whole_HawardMarcusGeoffrey1993_thesis.pdf (16.86 MB)
Federalism and the Australian offshore constitutional settlement
thesisposted on 2023-05-26, 21:39 authored by Haward, M
The offshore has been the centre of intergovernmental interaction in Australia for over twenty-five years yet has remained a neglected topic in studies of Australian federalism. This study examines the development and implementation of a complex intergovernmental arrangement, the Offshore Constitutional Settlement (OCS), which returned jurisdiction to the States from low water mark to three nautical miles offshore following the High Court's decision in the Seas and Submerged Lands case of December 1975, which upheld Commonwealth jurisdiction from low water mark. The OCS was established, after lengthy intergovernmental interaction, in 1979 with what were termed \agreed arrangements\" implemented between 1983 and 1990. The most visible element of offshore resource policy in the period following the Second World War is the the continual expansion of the Commonwealth's interests. To focus solely on this expansion gives a limited explanation for the development of intergovernmental agreements such as the OCS which reflect the complexities of interaction between the Commonwealth and the States. A central concern of this study is to examine the factors contributing to the development of the OCS particularly the extent to which State governments were dominant actors in the negotiations and in the implementation of the \"agreed arrangements\". The study utilises an analytical framework which allows the examination of institutions and processes by which the States have been able to limit or counter the effective reach of increased Commonwealth constitutional power and influence and which act as parameters for intergovernmental interaction in this policy area. In structuring relations between the Commonwealth and States offshore these parameters not only emphasise the significance of a States' constitutional and political bases but- also identify elements of intergovernmental interaction which counter the more visible expansion of Commonwealth activity. The OCS is thus an outcome -of the evolution (or \"ebb and flow\") of Australian federalism offshore in which the States remain important actors; an evolution shaped by the impact of the constitutional division of powers judicial review of jurisdictional disputes and Australia's responsibilities in relation to the emergent international law of the sea."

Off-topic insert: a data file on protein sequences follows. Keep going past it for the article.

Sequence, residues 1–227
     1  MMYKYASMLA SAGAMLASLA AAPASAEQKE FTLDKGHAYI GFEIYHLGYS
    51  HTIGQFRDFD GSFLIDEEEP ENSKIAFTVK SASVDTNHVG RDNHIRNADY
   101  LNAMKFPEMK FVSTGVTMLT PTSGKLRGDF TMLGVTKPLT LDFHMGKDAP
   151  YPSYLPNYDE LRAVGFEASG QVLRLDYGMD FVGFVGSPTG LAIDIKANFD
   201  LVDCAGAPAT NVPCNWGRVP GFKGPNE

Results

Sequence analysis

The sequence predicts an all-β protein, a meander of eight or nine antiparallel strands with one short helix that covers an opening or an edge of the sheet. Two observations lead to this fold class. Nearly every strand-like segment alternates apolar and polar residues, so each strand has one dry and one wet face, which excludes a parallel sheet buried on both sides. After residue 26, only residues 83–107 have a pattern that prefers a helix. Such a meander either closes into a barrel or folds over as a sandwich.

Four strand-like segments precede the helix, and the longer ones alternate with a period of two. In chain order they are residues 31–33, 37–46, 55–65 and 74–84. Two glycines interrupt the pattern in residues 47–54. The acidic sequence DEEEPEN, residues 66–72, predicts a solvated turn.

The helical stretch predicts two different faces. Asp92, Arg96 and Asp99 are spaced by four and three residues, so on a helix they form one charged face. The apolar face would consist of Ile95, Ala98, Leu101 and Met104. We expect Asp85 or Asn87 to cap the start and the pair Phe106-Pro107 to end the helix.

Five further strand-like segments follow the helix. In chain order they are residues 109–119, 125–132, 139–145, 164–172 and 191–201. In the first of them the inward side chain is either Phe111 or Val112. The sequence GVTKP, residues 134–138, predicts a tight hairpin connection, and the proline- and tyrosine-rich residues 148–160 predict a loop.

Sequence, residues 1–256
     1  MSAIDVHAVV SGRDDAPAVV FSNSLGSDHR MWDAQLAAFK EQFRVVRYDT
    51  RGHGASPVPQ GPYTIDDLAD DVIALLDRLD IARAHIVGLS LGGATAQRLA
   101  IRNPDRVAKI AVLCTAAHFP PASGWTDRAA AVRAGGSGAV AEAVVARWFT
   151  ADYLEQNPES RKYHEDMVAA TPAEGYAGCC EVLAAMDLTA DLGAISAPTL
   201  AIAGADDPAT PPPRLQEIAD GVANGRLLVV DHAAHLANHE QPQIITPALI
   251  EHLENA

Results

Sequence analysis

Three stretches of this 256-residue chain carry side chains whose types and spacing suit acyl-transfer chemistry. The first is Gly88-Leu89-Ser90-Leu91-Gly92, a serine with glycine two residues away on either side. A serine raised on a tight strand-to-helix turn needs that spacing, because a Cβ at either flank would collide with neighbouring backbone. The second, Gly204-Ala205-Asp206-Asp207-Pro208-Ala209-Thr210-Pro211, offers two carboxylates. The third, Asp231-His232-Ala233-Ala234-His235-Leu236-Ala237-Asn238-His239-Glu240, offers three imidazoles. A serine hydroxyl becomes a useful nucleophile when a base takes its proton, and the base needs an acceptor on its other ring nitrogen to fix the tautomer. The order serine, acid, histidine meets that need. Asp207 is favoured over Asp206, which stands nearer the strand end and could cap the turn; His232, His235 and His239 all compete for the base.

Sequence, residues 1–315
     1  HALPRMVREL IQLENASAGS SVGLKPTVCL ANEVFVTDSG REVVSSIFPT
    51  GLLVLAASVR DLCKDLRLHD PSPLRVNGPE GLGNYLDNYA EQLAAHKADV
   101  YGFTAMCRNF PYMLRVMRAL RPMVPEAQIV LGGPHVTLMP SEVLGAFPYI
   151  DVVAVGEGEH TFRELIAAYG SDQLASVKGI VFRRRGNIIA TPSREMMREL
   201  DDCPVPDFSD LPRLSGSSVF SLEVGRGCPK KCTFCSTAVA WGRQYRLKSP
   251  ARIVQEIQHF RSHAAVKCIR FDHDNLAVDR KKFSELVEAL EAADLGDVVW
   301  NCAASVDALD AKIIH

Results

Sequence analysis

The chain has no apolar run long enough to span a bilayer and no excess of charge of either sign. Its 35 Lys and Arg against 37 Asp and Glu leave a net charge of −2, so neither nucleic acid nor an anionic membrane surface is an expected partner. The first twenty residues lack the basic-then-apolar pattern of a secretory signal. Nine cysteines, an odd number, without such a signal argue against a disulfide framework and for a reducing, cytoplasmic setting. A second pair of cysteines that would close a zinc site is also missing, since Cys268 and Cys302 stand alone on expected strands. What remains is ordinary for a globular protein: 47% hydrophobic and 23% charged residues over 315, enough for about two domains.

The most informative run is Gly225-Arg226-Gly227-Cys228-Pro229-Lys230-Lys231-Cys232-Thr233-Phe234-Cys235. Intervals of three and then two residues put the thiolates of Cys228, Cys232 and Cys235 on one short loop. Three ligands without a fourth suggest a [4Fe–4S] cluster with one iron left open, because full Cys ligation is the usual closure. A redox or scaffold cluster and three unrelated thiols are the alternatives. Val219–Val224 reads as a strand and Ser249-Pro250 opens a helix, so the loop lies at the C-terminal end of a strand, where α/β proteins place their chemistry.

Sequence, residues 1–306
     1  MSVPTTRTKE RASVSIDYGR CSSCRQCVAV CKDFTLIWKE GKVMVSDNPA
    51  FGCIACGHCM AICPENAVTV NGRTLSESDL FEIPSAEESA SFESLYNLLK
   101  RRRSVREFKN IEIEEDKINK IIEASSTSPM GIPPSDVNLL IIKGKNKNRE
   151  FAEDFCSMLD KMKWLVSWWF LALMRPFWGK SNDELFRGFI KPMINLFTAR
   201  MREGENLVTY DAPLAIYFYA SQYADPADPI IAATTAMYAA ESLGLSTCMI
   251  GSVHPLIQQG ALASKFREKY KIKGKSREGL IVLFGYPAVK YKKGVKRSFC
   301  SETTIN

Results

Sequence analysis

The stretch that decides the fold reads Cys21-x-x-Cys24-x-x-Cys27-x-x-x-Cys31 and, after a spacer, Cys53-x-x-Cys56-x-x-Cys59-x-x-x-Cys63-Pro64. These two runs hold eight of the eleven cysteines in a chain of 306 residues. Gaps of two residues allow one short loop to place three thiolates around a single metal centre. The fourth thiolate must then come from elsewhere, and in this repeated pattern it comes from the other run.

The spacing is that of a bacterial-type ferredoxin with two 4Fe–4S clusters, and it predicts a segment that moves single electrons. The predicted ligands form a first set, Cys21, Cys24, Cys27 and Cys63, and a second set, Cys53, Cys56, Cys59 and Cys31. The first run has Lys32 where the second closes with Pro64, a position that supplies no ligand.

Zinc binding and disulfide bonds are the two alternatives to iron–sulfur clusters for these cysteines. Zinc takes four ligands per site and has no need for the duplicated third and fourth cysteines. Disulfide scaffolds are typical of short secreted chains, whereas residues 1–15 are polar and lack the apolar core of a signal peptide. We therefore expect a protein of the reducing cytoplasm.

Rights statementCopyright 1992 the Author - The University is continuing to endeavour to trace the copyright owner(s) and in the meantime this item has been reproduced here in good faith. We would be pleased to hear from the copyright owner(s). Thesis (Ph.D.)--University of Tasmania, 1993. Includes bibliographical references (leaves 332-358)